When I saw the thick, bold charcoal and oatmeal colored stripes on this textured linen blend, I immediately thought of playing with contrasting stripes and creating a strong, structured silhouette for a high-fashion fall look. In this blog post, I’ll walk you through how to update an existing pattern and share some helpful design and patternmaking tips along the way.
It seems like tissue knits are everywhere lately, and with good reason, they’re amazing for summer layering. They make a nice light layer for cool evenings or, if you’re in Chicago like I am, all these cool days we’re having lately. Tissue knits can be a bit intimidating, they’re so thin, wispy, and roll like crazy, so I’m here to show you how I work with them.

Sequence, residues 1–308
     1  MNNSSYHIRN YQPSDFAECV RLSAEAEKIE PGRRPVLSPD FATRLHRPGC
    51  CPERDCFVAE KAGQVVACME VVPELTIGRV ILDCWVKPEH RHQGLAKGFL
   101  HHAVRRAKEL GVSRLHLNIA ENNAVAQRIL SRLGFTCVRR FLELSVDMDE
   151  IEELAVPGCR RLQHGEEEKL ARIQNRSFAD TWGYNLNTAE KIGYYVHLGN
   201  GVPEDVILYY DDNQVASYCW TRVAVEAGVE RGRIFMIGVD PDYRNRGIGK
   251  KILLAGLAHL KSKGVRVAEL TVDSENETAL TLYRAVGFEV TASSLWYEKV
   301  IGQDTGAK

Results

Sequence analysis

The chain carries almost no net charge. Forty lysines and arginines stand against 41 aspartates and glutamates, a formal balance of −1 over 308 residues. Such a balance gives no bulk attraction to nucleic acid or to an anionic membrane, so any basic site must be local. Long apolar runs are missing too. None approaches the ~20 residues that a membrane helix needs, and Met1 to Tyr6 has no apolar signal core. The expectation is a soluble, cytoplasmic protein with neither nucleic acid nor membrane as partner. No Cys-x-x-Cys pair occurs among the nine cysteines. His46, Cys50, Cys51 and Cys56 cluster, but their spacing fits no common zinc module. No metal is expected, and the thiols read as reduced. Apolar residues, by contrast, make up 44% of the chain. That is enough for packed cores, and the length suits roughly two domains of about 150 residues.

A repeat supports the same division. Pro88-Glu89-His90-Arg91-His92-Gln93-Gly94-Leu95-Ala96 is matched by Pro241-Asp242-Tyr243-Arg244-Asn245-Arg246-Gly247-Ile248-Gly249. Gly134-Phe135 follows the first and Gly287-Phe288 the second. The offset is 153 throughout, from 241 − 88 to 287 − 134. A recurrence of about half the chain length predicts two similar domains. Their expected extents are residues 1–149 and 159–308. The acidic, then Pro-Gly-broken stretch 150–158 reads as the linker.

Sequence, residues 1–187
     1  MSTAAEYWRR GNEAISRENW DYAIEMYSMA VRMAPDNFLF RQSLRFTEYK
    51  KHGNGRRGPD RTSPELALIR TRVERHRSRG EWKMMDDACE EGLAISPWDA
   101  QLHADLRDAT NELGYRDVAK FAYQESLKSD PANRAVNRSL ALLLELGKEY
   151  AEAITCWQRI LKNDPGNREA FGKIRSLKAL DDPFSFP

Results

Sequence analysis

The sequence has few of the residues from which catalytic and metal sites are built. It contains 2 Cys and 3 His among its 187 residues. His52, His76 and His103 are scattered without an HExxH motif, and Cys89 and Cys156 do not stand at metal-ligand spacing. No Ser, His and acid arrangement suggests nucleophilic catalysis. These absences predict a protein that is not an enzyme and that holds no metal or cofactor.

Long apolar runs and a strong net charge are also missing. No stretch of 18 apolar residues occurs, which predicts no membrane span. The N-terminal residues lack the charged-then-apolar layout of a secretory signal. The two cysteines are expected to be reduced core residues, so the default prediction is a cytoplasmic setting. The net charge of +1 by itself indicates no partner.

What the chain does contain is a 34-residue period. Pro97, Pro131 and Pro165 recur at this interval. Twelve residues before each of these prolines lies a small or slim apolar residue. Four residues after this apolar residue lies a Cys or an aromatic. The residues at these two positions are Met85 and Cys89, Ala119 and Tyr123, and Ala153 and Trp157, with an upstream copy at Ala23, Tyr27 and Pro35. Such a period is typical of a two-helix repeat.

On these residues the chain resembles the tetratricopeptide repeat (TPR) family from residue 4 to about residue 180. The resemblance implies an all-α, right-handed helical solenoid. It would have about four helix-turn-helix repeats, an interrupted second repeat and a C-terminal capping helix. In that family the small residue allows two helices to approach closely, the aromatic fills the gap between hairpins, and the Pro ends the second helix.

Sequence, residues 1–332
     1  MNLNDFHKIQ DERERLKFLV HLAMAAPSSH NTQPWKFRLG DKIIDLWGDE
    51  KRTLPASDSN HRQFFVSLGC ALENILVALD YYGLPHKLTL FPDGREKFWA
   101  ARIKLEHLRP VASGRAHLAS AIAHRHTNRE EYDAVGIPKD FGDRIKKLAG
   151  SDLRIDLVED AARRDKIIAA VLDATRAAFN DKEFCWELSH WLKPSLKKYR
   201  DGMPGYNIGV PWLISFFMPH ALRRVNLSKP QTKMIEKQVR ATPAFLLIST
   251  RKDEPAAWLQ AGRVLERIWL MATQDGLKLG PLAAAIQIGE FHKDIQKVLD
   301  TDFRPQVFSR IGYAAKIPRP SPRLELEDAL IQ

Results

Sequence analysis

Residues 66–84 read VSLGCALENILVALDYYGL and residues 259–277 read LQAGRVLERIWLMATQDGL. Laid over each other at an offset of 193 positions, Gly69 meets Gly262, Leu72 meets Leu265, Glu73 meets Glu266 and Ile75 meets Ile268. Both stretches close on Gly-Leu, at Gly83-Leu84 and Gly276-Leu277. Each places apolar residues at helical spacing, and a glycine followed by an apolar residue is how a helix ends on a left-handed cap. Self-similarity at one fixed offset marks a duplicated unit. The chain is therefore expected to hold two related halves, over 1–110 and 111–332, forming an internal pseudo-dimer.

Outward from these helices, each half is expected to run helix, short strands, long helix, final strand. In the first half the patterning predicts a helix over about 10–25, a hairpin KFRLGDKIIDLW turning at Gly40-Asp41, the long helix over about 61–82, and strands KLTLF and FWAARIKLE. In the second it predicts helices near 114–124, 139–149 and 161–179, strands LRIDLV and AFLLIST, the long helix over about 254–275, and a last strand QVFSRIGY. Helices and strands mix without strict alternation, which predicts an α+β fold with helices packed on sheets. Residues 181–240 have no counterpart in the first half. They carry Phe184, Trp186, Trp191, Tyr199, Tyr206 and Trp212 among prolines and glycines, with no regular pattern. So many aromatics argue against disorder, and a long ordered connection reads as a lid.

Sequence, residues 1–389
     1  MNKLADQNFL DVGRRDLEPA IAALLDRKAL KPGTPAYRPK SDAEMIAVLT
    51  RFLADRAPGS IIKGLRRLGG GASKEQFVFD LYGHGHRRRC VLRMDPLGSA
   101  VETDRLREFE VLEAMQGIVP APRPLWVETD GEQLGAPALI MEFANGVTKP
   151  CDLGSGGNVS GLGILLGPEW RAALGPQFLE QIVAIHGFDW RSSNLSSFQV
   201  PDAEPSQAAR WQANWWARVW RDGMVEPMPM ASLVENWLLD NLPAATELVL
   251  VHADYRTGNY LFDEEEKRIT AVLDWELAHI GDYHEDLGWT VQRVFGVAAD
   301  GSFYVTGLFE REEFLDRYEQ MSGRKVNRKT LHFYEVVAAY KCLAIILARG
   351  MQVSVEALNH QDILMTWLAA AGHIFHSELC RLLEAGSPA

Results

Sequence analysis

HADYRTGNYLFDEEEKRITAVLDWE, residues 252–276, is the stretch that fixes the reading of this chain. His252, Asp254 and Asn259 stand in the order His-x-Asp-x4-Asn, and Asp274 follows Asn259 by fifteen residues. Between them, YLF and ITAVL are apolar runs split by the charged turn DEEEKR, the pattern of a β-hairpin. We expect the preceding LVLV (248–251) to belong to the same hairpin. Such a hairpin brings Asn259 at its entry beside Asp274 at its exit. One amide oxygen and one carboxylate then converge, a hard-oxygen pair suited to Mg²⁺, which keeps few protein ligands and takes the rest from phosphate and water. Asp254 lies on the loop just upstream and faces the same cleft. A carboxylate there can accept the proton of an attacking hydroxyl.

I was lucky enough to be able to make two tees in this amazing Japanese tissue knit, the first I went with these classic tomato and cream stripes and in the second I did a bit of color-blocking with this amazing neon yellow and charcoal grey. These knits are so light and airy, I couldn’t believe it. Serious dream town. In this tutorial I’m using my Hemlock Tee pattern which I created just for these tissue knits. You can download the pattern for free here at Grainline Studios.
This dress is actually a remix of my favorite dress pattern, Made by Rae’s Washi Dress, and though as I sewed it I was calling it “Frankenwashi,” I came up with a prettier moniker now that it’s all done. Named after one of our favorite coffee shops and alluding to the rich and complex color of the fabric—I’m calling it the Ristretto Dress!
My favorite sewing challenge is to take a proven, great-fitting, well-written pattern and modify it into something new. I do it when I sew for my kids all the time, but haven’t ventured into doing it for myself too often yet.